By Chris Roberts - Lacombe Globe
Originally posted Nov 5, 2015 at 8:00 AM - Click Here for Full Story
Longevity in theatre is far from guaranteed, but beginning Nov. 10 Cow Patti theatre company will return with its 20th season of shows in Central Alberta.
Performing primarily at the Lacombe Golf and Country Club, the season will kick off with the comedy thriller The Butler Did It and in February the company will perform Wally’s Cafe. From November to March, more than 50 performances will be put on by Cow Patti, from senior’s brunches to benefit dinners, kicking off with one for Fort McMurray on Nov. 10.
“We’re not the artsy fartsy stuffy theatre. This is a place where I want people to feel like they belong and have ownership of in a certain regard,” said AnnaMarie Lea, artistic producing director for Cow Patti. “And I think that we’ve really accomplished that over the last 20 years and that’s something that makes me very proud.”
The Fort McMurray season-opening show is just one of 16 benefit shows scheduled this season. Lea reached out to numerous municipalities in Alberta, offering to put on benefits, and one of the first ones to come to mind was Fort McMurray.
There will be a silent auction and 50/50 during the evening, while $10 of every ticket will be donated to Fort McMurray families.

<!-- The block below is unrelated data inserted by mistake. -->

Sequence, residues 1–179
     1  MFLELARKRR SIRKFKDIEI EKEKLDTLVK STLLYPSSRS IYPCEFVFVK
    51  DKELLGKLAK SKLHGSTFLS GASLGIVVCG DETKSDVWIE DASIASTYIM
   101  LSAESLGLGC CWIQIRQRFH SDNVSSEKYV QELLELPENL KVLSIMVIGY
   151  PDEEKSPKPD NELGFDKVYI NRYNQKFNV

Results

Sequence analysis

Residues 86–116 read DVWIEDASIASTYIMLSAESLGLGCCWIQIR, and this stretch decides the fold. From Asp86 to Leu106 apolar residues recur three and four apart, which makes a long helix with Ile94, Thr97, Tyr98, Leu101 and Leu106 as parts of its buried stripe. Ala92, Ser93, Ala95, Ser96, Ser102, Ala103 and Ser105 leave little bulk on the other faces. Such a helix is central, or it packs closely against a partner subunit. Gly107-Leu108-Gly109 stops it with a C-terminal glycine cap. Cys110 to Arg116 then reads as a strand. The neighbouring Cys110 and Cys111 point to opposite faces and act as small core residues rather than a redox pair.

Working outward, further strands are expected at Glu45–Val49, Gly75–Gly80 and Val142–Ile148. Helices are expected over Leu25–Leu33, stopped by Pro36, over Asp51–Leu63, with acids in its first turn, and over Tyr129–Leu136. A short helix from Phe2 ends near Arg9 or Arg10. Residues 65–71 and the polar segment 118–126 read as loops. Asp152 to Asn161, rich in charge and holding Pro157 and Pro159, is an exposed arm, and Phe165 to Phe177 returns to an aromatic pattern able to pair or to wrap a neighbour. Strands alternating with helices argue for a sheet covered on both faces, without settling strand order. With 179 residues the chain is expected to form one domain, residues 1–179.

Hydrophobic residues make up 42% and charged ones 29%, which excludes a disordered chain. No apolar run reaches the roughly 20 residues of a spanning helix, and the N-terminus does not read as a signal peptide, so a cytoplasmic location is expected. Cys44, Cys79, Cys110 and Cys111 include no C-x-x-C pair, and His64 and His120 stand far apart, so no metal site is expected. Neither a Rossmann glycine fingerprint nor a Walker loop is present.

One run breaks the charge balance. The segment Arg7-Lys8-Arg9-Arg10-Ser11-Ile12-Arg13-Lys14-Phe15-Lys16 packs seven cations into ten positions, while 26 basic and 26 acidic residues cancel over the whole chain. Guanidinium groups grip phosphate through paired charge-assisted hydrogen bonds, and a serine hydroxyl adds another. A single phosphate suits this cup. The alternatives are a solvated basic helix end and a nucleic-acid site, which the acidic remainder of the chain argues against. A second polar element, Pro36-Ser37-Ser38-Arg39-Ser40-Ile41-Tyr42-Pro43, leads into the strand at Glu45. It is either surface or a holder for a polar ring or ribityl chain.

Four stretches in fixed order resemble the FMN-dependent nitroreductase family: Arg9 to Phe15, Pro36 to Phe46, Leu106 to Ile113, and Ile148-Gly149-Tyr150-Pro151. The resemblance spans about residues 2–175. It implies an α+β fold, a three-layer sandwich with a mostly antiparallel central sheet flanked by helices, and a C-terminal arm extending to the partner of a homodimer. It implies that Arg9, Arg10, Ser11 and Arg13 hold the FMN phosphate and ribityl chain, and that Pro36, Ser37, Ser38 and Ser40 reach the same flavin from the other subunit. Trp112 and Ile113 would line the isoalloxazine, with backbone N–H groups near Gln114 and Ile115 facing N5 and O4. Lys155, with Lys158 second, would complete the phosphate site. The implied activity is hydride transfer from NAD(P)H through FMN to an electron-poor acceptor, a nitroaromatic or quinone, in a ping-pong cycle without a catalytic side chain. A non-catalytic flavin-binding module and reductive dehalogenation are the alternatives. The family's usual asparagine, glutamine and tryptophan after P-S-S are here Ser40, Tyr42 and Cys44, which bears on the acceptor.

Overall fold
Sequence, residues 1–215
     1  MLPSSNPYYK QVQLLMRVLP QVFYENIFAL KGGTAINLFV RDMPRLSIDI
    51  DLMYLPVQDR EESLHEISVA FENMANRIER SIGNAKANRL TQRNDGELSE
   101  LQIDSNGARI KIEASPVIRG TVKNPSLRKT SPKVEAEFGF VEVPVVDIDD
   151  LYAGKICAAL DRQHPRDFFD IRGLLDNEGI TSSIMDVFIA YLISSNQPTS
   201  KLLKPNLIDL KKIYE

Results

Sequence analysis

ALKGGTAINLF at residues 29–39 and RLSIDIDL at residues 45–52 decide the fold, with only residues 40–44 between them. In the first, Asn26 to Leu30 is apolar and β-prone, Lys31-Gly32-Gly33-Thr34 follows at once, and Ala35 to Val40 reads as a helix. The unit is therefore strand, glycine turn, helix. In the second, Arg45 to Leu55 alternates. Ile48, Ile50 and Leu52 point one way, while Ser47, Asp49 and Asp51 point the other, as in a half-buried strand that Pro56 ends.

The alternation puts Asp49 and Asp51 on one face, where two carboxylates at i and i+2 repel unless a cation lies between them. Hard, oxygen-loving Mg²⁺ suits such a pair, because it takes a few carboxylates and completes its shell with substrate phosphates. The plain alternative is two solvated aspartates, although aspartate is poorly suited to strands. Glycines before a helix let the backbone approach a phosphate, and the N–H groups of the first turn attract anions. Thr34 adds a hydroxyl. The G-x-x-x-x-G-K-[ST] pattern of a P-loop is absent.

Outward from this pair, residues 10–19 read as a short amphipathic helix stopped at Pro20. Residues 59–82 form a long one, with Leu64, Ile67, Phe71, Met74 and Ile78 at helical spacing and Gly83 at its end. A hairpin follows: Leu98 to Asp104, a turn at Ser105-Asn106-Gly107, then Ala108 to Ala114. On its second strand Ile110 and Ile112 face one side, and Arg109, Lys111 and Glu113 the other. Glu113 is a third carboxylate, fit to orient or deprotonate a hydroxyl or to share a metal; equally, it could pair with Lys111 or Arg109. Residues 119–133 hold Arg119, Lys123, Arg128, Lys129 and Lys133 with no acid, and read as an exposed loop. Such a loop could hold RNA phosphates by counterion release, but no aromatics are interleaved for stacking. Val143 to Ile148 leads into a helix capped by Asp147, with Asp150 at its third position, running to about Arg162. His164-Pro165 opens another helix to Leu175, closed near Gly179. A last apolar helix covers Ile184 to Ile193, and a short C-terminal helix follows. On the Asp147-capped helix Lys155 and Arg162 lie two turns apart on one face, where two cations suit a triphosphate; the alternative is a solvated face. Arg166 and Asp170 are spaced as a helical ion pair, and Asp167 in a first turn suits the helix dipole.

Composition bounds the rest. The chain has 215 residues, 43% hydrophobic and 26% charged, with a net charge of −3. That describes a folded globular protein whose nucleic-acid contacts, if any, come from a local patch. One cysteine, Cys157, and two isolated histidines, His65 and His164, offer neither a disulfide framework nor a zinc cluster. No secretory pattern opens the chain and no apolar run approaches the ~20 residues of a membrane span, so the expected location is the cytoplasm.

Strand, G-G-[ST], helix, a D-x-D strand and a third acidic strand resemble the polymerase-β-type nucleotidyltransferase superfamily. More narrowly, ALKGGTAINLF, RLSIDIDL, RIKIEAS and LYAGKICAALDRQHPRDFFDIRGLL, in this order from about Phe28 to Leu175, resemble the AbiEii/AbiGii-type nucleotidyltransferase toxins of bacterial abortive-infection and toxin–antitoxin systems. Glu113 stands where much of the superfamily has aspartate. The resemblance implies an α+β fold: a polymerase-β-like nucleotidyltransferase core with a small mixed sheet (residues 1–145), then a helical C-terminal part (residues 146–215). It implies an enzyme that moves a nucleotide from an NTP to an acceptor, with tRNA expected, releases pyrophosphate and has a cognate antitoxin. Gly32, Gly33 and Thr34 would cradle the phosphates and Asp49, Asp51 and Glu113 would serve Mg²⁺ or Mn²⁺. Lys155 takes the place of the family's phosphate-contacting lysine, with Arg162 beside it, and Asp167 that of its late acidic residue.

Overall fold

“I think it’s a really special way to kick off our 20th season,” she said.
And though the professional comedy dinner theatre company has performed throughout Alberta, it is very much a part of Central Alberta. Its first show 20 years ago was performed just outside of Clive, while countless shows have since been performed at the Lacombe Golf and Country Club, where Cow Patti now calls home.
Lea brought the theatre company to Cornwall, Ont. for a decade while her husband, a pilot, was transferred there, but returned to the area six years ago and with her returned Cow Patti.
Like her, the cast for the upcoming shows will be professional actors who will arrive in Lacombe from other parts of the country just two weeks prior to the first production.
“And that’s very much part of being a Canadian actor – you have to move around,” Lea said.